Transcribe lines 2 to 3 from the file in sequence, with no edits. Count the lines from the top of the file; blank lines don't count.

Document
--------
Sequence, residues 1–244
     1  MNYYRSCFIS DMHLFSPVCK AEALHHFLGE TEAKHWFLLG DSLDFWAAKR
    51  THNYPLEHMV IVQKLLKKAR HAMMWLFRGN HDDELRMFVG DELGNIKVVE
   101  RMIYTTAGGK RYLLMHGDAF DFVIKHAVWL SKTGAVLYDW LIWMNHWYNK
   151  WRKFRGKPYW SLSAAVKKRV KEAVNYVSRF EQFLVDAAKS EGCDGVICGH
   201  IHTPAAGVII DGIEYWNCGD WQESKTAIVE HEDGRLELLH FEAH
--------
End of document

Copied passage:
     1  MNYYRSCFIS DMHLFSPVCK AEALHHFLGE TEAKHWFLLG DSLDFWAAKR
    51  THNYPLEHMV IVQKLLKKAR HAMMWLFRGN HDDELRMFVG DELGNIKVVE